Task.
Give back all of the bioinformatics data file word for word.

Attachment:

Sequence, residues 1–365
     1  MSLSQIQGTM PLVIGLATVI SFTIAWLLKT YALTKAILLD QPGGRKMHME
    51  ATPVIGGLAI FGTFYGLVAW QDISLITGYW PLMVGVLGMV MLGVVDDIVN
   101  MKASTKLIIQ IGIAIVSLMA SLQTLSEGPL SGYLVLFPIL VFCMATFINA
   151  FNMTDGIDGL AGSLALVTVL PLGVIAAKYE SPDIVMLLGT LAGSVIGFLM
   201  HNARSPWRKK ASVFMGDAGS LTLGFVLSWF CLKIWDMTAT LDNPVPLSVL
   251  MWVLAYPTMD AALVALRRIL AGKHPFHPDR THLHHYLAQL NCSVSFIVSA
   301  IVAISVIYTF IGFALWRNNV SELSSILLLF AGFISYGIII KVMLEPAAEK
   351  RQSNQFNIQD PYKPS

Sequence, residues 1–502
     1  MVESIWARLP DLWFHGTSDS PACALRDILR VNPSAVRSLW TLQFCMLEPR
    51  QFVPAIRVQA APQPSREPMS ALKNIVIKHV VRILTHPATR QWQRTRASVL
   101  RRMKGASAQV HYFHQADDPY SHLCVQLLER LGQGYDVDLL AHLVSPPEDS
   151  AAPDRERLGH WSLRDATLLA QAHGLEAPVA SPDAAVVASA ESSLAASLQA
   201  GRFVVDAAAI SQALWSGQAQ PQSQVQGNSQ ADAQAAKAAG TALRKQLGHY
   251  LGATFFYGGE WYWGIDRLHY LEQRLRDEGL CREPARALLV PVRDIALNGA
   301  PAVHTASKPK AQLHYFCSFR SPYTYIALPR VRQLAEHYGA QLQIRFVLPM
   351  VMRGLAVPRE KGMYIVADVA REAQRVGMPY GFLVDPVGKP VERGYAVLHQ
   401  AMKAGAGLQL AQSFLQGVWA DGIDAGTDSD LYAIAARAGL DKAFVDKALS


Sequence, residues 1–365
     1  MSLSQIQGTM PLVIGLATVI SFTIAWLLKT YALTKAILLD QPGGRKMHME
    51  ATPVIGGLAI FGTFYGLVAW QDISLITGYW PLMVGVLGMV MLGVVDDIVN
   101  MKASTKLIIQ IGIAIVSLMA SLQTLSEGPL SGYLVLFPIL VFCMATFINA
   151  FNMTDGIDGL AGSLALVTVL PLGVIAAKYE SPDIVMLLGT LAGSVIGFLM
   201  HNARSPWRKK ASVFMGDAGS LTLGFVLSWF CLKIWDMTAT LDNPVPLSVL
   251  MWVLAYPTMD AALVALRRIL AGKHPFHPDR THLHHYLAQL NCSVSFIVSA
   301  IVAISVIYTF IGFALWRNNV SELSSILLLF AGFISYGIII KVMLEPAAEK
   351  RQSNQFNIQD PYKPS

Sequence, residues 1–502
     1  MVESIWARLP DLWFHGTSDS PACALRDILR VNPSAVRSLW TLQFCMLEPR
    51  QFVPAIRVQA APQPSREPMS ALKNIVIKHV VRILTHPATR QWQRTRASVL
   101  RRMKGASAQV HYFHQADDPY SHLCVQLLER LGQGYDVDLL AHLVSPPEDS
   151  AAPDRERLGH WSLRDATLLA QAHGLEAPVA SPDAAVVASA ESSLAASLQA
   201  GRFVVDAAAI SQALWSGQAQ PQSQVQGNSQ ADAQAAKAAG TALRKQLGHY
   251  LGATFFYGGE WYWGIDRLHY LEQRLRDEGL CREPARALLV PVRDIALNGA
   301  PAVHTASKPK AQLHYFCSFR SPYTYIALPR VRQLAEHYGA QLQIRFVLPM
   351  VMRGLAVPRE KGMYIVADVA REAQRVGMPY GFLVDPVGKP VERGYAVLHQ
   401  AMKAGAGLQL AQSFLQGVWA DGIDAGTDSD LYAIAARAGL DKAFVDKALS